Reflections on the Daily Readings
from the Perspective of Creighton Students
November 12th, 2012
Bio | Email: HaleyWarren@creighton.edu
“And if he wrongs you seven times in one day and returns to you seven times saying, ‘I am sorry,’ you should forgive him.” –Luke 17:4
Forgiveness was something I struggled with a lot when I was younger. As a child my older sister and I fought a lot. Almost every time we fought, my sister would apologize to me first. She really didn’t like being in fights with people, because she knew that no matter what we were fighting about, it wasn’t worth it to be mad at each other; no matter how big the fight, she still loved me and wanted me to know that. I was always amazed at how easily my sister could say sorry, or if I said sorry, how easily she could forgive me.
My sister and I are nearly three years apart in age, and we have very different personalities. I am a lot more stubborn than she is, so whenever we would fight, until I knew that she understood where I was coming from, or until I got my point across to her, I was unable to accept her apology. One thing that always bothered me was that she would do something that I didn’t like, and I would tell her that I didn’t like it. She would apologize and I’d accept her apology, but then she would do that same thing that bothered me again. After she did it multiple times, a part of me thought well this stinks nothing is even changing. It was then that I really found myself struggling with being able to forgive her. I thought why should I forgive you so that you can feel better about what you did when I know forgiving you isn’t going to change how you act in the future?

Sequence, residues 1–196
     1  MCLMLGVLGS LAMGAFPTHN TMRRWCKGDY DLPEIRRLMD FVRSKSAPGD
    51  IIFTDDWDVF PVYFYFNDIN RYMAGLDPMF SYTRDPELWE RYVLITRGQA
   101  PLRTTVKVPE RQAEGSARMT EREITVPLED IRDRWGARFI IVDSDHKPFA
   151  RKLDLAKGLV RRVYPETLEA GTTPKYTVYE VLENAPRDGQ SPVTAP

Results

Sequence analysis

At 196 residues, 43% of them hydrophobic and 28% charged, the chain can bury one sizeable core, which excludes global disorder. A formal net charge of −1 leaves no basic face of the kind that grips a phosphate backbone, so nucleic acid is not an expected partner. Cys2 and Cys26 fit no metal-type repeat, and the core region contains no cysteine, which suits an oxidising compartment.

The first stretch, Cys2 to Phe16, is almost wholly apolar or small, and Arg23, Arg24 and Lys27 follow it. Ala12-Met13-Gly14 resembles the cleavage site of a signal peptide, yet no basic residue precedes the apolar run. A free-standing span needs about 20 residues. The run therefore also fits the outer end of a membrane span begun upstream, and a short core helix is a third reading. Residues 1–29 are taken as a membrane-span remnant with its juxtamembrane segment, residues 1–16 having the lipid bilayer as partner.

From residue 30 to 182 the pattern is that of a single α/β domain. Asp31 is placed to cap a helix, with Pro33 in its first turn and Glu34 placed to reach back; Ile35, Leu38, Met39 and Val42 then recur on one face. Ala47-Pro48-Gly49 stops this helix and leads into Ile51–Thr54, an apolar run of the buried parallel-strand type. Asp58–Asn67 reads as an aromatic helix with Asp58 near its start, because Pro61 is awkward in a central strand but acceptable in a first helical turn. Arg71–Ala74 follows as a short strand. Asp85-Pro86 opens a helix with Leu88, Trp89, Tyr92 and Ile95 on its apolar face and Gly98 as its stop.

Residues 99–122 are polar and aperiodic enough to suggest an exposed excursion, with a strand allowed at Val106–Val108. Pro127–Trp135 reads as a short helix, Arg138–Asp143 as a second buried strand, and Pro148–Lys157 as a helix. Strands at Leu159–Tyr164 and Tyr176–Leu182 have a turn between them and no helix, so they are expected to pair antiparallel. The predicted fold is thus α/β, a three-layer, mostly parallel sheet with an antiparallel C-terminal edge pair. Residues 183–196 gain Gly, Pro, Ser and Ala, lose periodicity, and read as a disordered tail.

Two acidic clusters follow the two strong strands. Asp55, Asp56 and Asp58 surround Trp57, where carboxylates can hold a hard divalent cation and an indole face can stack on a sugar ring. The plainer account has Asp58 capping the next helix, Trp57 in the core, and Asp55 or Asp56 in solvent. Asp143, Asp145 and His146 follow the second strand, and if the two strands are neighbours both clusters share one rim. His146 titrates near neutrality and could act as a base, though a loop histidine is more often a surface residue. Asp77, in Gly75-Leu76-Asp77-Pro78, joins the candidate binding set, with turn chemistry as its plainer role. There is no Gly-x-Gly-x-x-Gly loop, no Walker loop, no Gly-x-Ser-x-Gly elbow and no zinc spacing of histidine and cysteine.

Little did I realize then that trying to change how someone acts in the future, or trying to get someone to see how they are hurting me, has nothing to do with forgiveness. The World English Dictionary defines “forgive” as to free from the obligation of. Forgiveness grants the person we are forgiving freedom. It grants them the freedom that they were born with that is a part of their human dignity. Forgiveness is not something that should be based off of what a person will do for us in the future. Rather, forgiveness is a gift that should be given to everyone, and that everyone should receive as part of their dignity.
Thankfully, I have grown up in the last few years, and even though sometimes it can be hard to forgive people, saying the “Our Father” every week helps me to be aware of God’s call to forgive anyone who asks for a pardon. Because when it comes down to it, it really isn’t worth it to hold an obligation over someone’s head. Forgive, and let that person be freed.
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